“We carried out racial integration in schools before we did any other sector in society, without any kind of guidance or support on how to do it,” said Pedro Noguera, a professor at UCLA whose latest book is called Race, Equity, and Education: 60 Years From Brown. “Schools have been addressing these issues for much longer, but not necessarily much more effectively.”
Over the past decade, many educational organizations have pushed schools to embrace racial bias trainings as part of a larger commitment to what they call “diversity, equity, and inclusion,” or — because educators love their acronyms —DEI.
During this span, alumni and former staff members say, Teach for America dramatically increased its focus on culturally relevant instruction and DEI. The Oakland-based Bay Area Coalition for Equitable Schools expanded and rebranded itself as the National Equity Project. In 2015, the NewSchools Venture Fund, a national nonprofit that invests in education entrepreneurs, reset its strategy and included diverse leaders as one of three investment areas. And in 2017, partners at NewSchools and Bellwether Education Partners, consultants and researchers who focused on underserved students, released Unrealized Impact, the most comprehensive study of DEI in the education sector. Together they founded Promise54 to aid schools and education organizations in implementing its findings around training, coaching, and recruiting staff.
With such training trending, Andrew Daub, a former teacher, was able to leave his staff job at Teach for America last year and focus full time on the organization he co-founded, called oneTILT, which marries management and racial bias training.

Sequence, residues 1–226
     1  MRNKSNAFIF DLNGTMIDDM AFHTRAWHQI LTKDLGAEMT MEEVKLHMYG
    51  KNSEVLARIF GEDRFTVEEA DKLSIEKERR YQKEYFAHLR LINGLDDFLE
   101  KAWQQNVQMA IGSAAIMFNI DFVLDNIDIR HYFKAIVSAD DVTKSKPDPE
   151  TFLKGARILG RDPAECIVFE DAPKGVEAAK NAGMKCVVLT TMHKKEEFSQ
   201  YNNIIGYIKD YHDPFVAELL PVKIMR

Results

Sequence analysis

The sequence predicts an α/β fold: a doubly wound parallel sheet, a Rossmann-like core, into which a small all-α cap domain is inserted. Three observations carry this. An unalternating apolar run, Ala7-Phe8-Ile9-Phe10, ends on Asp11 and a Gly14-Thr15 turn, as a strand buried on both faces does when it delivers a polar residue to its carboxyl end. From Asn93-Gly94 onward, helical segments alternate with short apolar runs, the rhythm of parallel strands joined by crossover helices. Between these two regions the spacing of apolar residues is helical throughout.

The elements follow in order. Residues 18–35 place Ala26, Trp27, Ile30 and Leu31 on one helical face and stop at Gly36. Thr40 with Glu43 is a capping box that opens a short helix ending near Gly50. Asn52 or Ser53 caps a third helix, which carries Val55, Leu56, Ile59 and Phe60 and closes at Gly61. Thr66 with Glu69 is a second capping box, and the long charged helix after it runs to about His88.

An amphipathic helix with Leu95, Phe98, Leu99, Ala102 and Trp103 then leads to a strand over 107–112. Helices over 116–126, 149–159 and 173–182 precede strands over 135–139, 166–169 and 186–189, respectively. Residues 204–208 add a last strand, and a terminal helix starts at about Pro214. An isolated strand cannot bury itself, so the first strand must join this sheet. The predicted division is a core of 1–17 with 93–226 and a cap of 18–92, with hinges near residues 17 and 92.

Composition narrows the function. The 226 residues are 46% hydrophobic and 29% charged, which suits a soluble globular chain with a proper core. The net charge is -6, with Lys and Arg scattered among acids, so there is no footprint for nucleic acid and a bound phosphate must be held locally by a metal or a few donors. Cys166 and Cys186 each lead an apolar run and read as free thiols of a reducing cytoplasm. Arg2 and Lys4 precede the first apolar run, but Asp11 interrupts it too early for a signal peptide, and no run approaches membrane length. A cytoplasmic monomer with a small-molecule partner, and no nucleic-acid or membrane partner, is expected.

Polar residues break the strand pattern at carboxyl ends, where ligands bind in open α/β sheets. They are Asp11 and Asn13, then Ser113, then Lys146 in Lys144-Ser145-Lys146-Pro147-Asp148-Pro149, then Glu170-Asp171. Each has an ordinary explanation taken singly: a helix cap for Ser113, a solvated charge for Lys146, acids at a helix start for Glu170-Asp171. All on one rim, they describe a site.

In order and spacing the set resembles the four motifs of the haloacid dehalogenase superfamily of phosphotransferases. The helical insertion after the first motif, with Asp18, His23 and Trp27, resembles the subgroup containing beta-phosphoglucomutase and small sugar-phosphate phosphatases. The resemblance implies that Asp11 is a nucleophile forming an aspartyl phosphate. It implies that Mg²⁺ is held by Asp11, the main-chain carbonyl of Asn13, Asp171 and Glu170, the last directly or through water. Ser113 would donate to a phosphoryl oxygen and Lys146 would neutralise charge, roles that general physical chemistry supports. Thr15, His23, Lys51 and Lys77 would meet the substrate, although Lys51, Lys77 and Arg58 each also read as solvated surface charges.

“It’s sexy in the ed sector,” he said. “DEI is a buzzword. But to say you value it and to walk the talk are two different things.”
Trainings follow a student’s racist rant
As was the case with Starbucks, school forays into mandated training frequently follow racially charged incidents.
In April, following allegations, including of a white teacher stepping on a black student during a lesson on slavery and a Bronx principal banning black history lessons, New York City Mayor Bill de Blasio announced a $23 million investment in anti-bias trainings for all city educators by 2021.
Jennifer Moore, a former middle school teacher who now leads trainings through her organization, Initiate Equity, said she’s often called when something bad has happened.
“It’s typically not a proactive call, it’s a reactive call,” she said. “I think that speaks volumes.”
Such an episode unfolded last year in the Elk Grove Unified School District, California’s fifth-largest. Located about 30 minutes southeast of Sacramento, Elk Grove has one of the more diverse student bodies in the state. Of its 63,000 students, 29 percent are Asian-American, 26 percent Latino, 21 percent white, and 13 percent African-American, according to recent data. However, of the district’s 3,372 teachers, 68 percent are white.